Top officials from 12 Pacific nations negotiating a free-trade pact plan to convene in Hawaii at the end of this month for a final push, according to two people briefed on the plans, an indication they may be nearing a deal.
The U.S. Congress last month expanded negotiating authority for President Barack Obama, setting up a potentially deal-clinching meeting of trade officials. The negotiators are tentatively planning to meet on the island of Maui, at the Westin Resort & Spa, according to one person briefed on the plans.
The Trans-Pacific Partnership would wrap together countries from the U.S. to Japan to Malaysia, representing about 40 percent of the world’s economic output.
Gary Hufbauer, a senior fellow at the Institute of International Economics, said the planned high-level negotiating session suggests officials from most or all the countries believe an agreement is within reach now that Congress approved the negotiating authority Obama sought.
Even so, trade negotiations often involve delays and the trade ministers may need to involve their heads of state to close the final deal later this year, Hufbauer said.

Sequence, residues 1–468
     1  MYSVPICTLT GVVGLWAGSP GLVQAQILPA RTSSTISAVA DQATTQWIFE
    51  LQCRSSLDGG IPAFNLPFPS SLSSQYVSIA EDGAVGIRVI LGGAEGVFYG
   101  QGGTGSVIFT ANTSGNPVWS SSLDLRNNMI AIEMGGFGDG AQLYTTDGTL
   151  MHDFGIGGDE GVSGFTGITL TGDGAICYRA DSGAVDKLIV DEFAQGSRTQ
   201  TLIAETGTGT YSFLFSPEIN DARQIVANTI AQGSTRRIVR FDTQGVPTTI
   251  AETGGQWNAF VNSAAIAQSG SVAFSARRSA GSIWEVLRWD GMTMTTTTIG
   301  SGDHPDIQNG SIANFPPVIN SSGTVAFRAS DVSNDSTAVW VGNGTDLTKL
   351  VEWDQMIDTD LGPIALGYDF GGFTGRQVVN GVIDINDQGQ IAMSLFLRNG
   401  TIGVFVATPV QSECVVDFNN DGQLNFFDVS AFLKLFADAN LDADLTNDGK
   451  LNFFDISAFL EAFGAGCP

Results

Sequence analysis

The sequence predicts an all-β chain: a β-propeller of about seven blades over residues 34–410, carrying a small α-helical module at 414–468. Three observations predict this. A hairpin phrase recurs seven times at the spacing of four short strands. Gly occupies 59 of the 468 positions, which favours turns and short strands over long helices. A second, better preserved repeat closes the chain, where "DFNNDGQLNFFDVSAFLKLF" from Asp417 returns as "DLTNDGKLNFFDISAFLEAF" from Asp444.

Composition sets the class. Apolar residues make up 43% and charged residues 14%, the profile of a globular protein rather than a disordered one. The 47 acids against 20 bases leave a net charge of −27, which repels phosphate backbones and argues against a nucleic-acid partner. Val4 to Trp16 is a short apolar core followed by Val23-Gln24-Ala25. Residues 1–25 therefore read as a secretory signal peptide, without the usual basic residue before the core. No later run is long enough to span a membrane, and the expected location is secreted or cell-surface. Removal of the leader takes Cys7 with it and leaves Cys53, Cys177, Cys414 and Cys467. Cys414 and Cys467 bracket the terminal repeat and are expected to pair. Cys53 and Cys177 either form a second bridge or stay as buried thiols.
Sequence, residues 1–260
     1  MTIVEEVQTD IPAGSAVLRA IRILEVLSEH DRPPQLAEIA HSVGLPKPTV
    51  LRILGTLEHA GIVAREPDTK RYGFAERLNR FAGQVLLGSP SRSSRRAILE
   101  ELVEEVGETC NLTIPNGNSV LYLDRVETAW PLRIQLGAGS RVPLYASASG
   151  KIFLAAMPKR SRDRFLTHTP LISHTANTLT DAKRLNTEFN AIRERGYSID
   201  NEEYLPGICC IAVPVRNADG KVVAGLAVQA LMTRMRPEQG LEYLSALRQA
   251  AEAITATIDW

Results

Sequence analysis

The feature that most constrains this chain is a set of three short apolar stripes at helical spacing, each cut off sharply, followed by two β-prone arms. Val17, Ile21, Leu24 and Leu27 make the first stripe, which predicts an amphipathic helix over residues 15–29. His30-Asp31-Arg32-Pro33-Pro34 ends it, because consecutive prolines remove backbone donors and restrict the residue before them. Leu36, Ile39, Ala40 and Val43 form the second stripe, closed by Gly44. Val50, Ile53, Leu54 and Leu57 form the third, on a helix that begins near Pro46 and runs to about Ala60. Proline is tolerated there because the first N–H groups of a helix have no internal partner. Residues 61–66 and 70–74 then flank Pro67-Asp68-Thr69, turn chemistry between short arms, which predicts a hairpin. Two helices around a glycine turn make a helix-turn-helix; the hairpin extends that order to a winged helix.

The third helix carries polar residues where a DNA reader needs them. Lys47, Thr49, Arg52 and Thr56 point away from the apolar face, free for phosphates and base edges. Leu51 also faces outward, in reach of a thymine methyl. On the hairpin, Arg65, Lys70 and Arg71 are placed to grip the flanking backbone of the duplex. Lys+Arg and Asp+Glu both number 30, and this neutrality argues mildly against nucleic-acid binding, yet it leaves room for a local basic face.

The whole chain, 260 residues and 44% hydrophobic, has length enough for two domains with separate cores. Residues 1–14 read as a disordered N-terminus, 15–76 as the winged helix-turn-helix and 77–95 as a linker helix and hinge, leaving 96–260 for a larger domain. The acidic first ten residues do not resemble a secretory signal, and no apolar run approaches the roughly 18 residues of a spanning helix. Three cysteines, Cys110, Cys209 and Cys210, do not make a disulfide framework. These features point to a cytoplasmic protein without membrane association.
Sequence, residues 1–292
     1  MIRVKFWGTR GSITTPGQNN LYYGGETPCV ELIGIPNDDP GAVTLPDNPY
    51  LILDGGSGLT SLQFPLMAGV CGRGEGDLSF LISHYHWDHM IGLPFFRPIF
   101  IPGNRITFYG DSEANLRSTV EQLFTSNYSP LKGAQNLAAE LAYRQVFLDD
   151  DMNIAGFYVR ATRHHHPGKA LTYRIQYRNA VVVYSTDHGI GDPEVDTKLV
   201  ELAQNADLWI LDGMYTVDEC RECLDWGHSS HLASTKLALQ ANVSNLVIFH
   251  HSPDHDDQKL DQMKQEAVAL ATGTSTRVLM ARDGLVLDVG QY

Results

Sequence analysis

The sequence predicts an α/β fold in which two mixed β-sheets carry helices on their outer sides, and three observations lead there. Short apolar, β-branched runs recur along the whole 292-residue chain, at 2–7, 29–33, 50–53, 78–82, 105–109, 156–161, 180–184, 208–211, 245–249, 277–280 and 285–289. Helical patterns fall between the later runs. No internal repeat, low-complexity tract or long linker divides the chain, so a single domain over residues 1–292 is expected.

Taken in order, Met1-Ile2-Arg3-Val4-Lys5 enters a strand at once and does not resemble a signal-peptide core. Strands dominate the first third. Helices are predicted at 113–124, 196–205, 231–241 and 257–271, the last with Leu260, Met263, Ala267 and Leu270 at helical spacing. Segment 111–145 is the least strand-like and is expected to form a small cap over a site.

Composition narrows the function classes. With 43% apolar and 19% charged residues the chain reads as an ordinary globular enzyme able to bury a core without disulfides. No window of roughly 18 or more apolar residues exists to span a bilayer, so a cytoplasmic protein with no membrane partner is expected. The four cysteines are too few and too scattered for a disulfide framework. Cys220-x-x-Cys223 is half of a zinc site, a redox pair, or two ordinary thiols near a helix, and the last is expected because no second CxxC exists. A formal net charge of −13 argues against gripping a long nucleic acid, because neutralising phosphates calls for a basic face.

“I think a deal is close but end July seems optimistic,” Hufbauer said. “The end of August seems more likely.”
Trevor Kincaid, a spokesman for Michael Froman, the U.S. Trade Representative, declined to comment.
The agreement, now a confidential draft, includes 29 chapters ranging from trade in traditional goods to rules on the free flow of data -- aimed at preventing trade barriers to Internet-based commerce -- and rules on intellectual property.
Some of the thorniest issues remain traditional ones. The U.S. is pushing Japan to open up its long-protected agricultural market for beef, pork, dairy and rice products. Japan, in turn, is seeking the end of U.S. tariffs on cars and trucks for its auto industry.
Acting Deputy U.S. Trade Representative Wendy Cutler will travel to Japan this week to work on the U.S-Japan part of the overall agreement, according to one of the people briefed on the talks. It would not take effect unless the entire Pacific deal is definitively concluded.